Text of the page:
Several bonds are also listed on the SGX, and we can invest our SRS funds in these bonds. These are recently issued Temasek T2023 S$ bonds and Temasek-linked Astrea IV private equity bonds, as well as retail bonds that have been listed on SGX.
# 5 Singapore Savings Bonds
We were not always allowed to invest our SRS funds in the Singapore Savings Bonds (SSBs). This changed in December 2018, when the Monetary Authority of Singapore (MAS) announced that they would allow investors to buy SSBs using their SRS funds, as well as double the amount of SSBs that an individual can hold to $200,000 from $100,000 previously.
# 6 Regular Shares Savings (RSS)
A regular shares savings (RSS) plan allows us to start investing in stocks, bonds, ETFs and REITs listed on the SGX from as little as $100 a month. It is ideal for investors with limited knowledge and interest in monitoring their portfolio to start their investment journey.
In Singapore, there are three brokerages currently offering RSS plans – OCBC Blue Chip Investment Plan; POSB Invest-Saver; and Phillip Share Builders Plan. Each has its own specifications of which types of shares we can invest in and brokerage charges we have to pay.
# 7 Robo-Advisory
As more investment tools become available to us, we can also start incorporating them into our portfolio. Majority of robo-advisory firms aim to utilise complex algorithms to offer retail investors access to professional portfolio management services.
Founded in 2016, StashAway uses an Economic Regine-based Asset Allocation, its proprietary investment strategy to manage portfolios. It also charges a competitive rate and advocates investing over the long-term.
# 8 Unit Trusts/Mutual Funds
We can also invest in unit trust and mutual funds with our SRS funds. Remember, this extends to unit trusts outside of the three SRS administrators – which means we are not limited to investing in unit trusts that are sold by them.
Platforms such as FSMOne and Aviva’s Navigator allows you to invest in diverse unit trusts investments with your SRS funds. These platforms also enable us to choose the regions, sectors and even fund managers we are comfortable investing our funds in.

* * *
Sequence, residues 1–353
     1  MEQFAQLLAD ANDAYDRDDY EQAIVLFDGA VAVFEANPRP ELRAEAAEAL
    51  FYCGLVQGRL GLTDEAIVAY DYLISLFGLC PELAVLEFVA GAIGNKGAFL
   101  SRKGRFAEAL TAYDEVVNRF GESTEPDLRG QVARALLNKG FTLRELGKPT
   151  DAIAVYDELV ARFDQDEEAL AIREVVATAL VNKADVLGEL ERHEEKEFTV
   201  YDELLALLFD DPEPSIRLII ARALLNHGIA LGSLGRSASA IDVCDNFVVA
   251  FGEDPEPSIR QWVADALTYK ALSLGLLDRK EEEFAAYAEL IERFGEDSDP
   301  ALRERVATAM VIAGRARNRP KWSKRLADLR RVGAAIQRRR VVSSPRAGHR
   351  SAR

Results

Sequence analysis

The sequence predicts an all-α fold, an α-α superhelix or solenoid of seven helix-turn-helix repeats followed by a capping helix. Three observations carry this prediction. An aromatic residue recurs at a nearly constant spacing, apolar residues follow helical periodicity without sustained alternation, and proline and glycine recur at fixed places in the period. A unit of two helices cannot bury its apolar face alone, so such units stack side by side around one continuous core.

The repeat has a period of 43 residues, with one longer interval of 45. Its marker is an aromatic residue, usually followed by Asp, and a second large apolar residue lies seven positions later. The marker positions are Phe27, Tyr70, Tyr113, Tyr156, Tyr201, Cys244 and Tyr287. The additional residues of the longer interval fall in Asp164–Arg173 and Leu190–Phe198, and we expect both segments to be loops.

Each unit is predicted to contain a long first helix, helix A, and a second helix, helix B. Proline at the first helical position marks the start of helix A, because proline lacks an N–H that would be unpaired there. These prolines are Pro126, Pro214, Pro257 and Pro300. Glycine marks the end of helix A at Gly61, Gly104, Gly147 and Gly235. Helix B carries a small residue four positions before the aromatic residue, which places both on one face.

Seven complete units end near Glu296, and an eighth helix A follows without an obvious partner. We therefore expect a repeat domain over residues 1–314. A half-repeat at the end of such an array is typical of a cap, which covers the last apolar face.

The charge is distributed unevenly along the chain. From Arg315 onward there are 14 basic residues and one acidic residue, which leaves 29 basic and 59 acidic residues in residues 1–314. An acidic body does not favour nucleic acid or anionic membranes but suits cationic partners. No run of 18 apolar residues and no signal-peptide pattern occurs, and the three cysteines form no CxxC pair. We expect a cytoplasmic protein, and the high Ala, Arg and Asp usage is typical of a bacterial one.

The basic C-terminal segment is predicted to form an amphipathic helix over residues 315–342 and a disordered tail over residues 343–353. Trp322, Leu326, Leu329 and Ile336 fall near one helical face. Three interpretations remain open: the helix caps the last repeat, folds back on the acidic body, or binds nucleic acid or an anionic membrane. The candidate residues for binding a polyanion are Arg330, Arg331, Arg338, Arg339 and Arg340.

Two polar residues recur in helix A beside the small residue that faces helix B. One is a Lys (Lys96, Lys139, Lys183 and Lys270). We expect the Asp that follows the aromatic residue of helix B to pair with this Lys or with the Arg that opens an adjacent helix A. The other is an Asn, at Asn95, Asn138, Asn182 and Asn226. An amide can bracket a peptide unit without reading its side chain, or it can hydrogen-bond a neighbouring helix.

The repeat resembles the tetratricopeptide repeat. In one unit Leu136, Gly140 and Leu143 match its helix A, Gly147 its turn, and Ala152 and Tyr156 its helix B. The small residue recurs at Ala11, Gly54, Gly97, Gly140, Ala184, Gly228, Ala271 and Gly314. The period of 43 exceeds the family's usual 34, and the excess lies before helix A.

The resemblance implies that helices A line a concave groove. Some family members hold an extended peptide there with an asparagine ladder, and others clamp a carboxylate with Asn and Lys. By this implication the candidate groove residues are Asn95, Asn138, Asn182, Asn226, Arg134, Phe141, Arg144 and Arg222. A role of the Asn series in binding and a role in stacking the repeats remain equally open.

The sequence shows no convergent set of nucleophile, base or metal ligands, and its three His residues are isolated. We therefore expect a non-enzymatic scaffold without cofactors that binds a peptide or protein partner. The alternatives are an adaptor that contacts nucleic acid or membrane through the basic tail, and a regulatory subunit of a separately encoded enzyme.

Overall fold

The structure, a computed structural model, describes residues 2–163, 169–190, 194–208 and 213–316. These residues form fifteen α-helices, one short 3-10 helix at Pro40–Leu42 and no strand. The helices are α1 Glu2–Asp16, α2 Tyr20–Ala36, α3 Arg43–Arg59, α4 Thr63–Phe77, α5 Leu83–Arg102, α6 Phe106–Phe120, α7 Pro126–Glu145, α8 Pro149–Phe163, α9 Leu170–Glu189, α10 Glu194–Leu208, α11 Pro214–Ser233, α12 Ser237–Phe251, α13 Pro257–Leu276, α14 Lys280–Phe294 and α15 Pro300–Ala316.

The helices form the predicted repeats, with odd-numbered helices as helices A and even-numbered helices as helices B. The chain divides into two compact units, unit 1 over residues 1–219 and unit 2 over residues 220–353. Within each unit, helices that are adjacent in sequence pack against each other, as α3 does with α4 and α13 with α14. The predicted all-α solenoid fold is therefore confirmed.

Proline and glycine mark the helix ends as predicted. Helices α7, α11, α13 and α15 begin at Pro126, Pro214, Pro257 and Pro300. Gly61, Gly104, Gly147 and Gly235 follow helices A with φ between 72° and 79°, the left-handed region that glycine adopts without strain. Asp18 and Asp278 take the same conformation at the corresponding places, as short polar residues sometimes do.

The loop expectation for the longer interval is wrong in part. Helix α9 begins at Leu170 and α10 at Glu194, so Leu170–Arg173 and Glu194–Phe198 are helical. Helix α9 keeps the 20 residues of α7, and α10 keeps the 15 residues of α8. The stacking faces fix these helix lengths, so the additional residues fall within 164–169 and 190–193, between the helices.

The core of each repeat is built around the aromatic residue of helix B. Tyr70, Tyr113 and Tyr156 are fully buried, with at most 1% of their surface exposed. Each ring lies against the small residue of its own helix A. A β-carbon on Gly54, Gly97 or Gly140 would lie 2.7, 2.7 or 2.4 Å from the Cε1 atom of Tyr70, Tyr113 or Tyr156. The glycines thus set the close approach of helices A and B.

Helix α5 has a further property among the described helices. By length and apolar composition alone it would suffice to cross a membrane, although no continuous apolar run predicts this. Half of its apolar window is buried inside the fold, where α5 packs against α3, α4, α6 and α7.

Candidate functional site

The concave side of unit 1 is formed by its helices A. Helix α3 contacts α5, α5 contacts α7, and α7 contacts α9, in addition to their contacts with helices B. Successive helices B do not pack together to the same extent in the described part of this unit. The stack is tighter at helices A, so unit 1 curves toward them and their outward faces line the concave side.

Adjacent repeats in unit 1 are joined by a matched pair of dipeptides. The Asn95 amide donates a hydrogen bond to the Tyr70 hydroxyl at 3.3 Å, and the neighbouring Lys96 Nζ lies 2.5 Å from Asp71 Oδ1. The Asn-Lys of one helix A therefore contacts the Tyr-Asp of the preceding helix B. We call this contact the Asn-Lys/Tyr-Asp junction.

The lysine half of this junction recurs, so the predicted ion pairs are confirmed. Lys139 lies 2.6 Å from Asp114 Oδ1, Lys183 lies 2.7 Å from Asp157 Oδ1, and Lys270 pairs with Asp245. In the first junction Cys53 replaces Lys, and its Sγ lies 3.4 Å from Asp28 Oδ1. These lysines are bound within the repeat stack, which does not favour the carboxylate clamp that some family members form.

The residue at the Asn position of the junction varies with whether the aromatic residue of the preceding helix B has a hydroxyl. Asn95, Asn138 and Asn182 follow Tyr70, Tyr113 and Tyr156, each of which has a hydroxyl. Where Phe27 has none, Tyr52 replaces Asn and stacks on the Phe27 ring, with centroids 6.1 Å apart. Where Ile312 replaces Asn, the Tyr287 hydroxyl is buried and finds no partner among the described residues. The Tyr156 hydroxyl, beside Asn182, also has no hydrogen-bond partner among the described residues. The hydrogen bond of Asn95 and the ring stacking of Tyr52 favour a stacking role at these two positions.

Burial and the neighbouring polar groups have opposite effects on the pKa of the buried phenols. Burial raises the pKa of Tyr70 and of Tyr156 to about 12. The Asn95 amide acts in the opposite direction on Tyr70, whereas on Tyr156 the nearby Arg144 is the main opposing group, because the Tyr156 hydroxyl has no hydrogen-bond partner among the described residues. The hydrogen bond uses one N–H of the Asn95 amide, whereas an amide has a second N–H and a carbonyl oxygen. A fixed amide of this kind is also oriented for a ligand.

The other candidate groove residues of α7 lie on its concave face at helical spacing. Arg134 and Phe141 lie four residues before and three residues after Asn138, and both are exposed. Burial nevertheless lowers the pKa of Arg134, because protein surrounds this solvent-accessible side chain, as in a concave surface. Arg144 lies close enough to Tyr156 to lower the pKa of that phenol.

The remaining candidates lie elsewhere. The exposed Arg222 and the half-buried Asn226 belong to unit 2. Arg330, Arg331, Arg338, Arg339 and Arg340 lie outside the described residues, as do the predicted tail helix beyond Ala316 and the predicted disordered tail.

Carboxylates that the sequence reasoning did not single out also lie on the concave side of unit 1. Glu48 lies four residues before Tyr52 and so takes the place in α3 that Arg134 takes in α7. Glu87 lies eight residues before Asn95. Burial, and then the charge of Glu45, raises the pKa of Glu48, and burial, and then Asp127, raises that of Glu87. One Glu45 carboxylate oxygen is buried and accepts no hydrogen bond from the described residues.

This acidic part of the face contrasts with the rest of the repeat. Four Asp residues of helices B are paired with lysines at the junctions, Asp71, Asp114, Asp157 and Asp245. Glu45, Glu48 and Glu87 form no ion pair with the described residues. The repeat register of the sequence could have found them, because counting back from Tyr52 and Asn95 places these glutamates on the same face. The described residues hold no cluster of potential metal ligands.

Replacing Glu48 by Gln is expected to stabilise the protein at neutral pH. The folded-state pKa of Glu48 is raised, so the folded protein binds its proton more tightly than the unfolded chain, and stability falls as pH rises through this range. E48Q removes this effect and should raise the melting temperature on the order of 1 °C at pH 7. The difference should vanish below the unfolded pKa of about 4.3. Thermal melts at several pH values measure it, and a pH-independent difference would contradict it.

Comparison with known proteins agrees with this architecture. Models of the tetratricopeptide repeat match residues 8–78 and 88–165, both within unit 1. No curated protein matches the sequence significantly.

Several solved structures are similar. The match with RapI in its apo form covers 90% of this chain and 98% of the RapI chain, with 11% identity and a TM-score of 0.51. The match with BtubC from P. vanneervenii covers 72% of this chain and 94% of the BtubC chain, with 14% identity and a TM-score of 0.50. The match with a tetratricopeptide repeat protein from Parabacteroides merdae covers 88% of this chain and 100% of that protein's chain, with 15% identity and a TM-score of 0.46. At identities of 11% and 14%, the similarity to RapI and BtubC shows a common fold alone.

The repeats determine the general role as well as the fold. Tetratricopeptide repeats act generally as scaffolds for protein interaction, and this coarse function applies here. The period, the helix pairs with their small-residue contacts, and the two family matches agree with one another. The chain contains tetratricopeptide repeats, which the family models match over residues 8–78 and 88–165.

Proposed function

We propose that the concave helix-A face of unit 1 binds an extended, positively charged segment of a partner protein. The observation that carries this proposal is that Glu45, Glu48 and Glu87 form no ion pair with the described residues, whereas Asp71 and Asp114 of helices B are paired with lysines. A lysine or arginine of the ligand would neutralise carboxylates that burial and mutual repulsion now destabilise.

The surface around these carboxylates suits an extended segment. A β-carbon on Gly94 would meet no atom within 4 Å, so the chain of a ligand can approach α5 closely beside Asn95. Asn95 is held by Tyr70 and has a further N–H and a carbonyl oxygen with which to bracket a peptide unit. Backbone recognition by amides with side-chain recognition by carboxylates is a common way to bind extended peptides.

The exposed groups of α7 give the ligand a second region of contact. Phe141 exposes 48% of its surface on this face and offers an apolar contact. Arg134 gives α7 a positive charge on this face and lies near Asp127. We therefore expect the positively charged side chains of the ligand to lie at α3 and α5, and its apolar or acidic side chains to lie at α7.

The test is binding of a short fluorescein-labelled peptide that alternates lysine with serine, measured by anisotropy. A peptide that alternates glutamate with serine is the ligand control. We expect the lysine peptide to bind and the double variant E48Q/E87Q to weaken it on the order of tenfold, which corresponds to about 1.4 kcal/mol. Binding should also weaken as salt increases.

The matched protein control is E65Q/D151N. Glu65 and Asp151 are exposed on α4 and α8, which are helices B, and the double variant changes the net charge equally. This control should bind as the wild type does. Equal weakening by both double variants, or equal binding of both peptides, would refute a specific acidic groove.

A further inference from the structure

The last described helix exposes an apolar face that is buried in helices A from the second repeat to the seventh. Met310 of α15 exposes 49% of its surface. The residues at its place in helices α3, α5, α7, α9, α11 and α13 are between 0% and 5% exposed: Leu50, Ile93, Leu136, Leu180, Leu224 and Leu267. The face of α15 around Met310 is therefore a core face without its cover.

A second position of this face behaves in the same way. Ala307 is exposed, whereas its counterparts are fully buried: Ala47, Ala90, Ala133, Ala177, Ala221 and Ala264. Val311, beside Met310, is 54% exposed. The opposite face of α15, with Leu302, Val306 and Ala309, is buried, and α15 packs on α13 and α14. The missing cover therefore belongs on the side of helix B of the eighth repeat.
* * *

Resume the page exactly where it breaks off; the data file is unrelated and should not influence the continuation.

# 9 Insurance Products/Annuities
We can also put our SRS funds towards insurance products and annuities. On this point, we have to note that there are restrictions on Life Insurance products that we can buy. Typically, we can invest in only single-premium products, including recurrent single premium products. We also aren’t allowed to purchase critical illness, health and long-term care products with our SRS funds.
We need to check with our agents and/or insurers if we want to invest with our SRS funds. MoneyOwl is an example of one such platform we can use to purchase retirement income plans with our SRS funds.
# 10 Fixed Deposits
If we are extremely risk-averse and unsure of what to do with our funds, we can invest in fixed deposits rather than let it sit idly in cash. This way, we’re pretty much exposed to the same extremely low level of risk but receiving a significantly improved interest rate return on our SRS funds.
The SRS Is A Powerful Tool To Save On Taxes And Encourage Us To Build Our Retirement Nest Egg
The Supplementary Retirement Scheme gives us the dual benefit of saving on taxes today as well as encouraging us to invest for our retirement.
Many people may procrastinate retirement planning today as we don’t see an immediate benefit. The SRS helps resolve some of this issue by giving us a tangible benefit, of paying lower taxes in the following year of assessment immediately.
We will also be more in-tuned to investing our SRS funds to grow it for our retirement. The 10 investments listed above are not an exhaustive list, however, they provide a good start to get us on our way to making investments with our SRS funds.